"The effect on the retina is important," Lotfi said. "Loss of vision is one of the most devastating aspects of some lysosomal diseases. In animal models, treatments based on enzyme replacement therapy do not reach the brain and do not counteract loss of vision. We think that in the future our strategy can potentially be used either as the main therapy or complementary to other therapies."

"Our results encourage us to consider that trehalose also may be effective in other lysosomal storage diseases, such as Batten disease," Sardiello said. "Trehalose is a widely used food additive with no current restrictions for human use."

Explore further: Research reveals strategy to potentially treat juvenile Batten disease

More information: Parisa Lotfi et al, Trehalose reduces retinal degeneration, neuroinflammation and storage burden caused by a lysosomal hydrolase deficiency, Autophagy (2018). DOI: 10.1080/15548627.2018.1474313

Related Stories

Research reveals strategy to potentially treat juvenile Batten disease

February 6, 2017
Researchers at Baylor College of Medicine, Jan and Dan Duncan Neurological Research Institute at Texas Children's Hospital and King's College London have discovered a treatment that improves the neurological symptoms in a ...

Study holds hope of a treatment for deadly genetic disease, MPS IIIB

September 29, 2014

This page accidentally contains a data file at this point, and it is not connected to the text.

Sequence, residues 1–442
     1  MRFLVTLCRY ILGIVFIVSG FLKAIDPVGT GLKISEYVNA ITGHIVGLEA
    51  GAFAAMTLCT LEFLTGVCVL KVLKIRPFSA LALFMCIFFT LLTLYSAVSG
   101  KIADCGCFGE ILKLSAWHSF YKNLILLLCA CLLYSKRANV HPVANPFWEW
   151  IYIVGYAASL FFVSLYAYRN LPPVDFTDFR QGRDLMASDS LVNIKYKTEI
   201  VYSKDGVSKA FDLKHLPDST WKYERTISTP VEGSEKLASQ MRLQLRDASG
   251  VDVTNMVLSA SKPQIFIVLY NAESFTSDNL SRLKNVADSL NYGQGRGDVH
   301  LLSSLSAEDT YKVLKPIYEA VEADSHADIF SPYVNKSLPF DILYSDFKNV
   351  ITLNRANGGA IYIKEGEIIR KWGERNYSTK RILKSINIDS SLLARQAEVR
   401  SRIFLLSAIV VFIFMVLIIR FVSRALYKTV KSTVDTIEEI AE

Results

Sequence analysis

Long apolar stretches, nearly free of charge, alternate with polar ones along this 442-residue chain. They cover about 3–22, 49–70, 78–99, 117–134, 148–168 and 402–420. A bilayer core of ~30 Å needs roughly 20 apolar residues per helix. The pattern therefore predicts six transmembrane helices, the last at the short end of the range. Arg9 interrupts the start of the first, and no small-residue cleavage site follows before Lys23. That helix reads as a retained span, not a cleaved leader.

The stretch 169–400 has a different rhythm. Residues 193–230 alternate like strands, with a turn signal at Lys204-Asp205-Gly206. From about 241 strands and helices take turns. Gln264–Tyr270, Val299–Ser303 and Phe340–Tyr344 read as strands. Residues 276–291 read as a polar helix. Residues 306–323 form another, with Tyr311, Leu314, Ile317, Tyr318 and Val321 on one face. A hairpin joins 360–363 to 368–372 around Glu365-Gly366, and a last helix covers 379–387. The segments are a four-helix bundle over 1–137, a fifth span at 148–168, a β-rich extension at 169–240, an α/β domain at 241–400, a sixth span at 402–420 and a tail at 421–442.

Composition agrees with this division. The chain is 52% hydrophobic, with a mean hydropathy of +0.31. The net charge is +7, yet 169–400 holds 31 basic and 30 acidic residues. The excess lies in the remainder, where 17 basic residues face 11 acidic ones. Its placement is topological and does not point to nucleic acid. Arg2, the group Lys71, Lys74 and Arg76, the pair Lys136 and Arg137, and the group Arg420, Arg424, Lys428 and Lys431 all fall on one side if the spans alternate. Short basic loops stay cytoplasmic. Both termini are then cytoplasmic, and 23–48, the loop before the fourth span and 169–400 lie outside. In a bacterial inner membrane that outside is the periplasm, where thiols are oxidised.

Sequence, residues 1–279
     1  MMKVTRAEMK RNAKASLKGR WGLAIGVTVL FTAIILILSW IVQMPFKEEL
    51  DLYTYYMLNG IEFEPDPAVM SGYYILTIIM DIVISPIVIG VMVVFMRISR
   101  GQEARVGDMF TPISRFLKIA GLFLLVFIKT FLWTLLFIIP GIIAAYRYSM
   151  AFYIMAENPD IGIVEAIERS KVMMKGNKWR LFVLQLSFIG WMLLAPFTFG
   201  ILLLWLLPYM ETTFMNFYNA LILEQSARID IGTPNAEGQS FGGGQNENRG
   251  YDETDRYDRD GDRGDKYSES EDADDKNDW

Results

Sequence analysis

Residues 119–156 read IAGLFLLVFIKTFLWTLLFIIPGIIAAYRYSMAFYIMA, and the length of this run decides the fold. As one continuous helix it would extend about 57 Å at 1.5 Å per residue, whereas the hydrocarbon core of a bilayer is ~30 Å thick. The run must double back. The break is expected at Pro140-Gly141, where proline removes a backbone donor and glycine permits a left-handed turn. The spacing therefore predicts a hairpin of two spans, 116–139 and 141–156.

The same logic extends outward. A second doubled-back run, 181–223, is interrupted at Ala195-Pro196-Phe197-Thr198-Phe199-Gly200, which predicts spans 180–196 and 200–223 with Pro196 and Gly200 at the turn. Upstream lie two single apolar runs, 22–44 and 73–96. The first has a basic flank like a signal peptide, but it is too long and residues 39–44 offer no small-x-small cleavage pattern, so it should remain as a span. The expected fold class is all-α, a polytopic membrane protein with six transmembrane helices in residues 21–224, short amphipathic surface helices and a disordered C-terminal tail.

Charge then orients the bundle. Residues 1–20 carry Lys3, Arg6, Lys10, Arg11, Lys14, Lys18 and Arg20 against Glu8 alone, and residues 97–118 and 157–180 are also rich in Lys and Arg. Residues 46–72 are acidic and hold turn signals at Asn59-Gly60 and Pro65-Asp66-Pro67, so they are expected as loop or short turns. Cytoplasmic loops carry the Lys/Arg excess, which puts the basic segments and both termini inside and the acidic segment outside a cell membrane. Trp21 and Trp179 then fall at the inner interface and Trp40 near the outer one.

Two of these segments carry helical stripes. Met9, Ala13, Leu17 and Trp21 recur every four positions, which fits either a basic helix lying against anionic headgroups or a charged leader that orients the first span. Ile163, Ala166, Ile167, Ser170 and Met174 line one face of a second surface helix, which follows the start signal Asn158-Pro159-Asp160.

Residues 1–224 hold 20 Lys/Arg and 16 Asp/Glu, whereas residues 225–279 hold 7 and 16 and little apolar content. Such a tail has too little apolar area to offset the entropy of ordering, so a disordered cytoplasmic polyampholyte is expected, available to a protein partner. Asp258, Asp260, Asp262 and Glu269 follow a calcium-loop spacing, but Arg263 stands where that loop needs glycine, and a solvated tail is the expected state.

MPS IIIB is a devastating and currently untreatable disease that causes progressive damage to the brain, leading to profound intellectual disability, dementia and death—often before reaching adulthood.

Type of sugar may treat atherosclerosis, mouse study shows

June 7, 2017
Researchers have long sought ways to harness the body's immune system to treat disease, especially cancer. Now, scientists have found that the immune system may be triggered to treat atherosclerosis and possibly other metabolic ...

Biochemists confirm existence of theoretical genetic disorder

January 8, 2018
Thanks to the sequencing of the human genome, scientists can now discover potential disorders for which there are no known patients. One such disorder is MPS III-E, originally also called Dierks's disorder after its discoverer. ...

Photoreceptor cell death leads to blindness in CLN5 form of Neuronal Ceroid Lipofuscinosis

May 16, 2017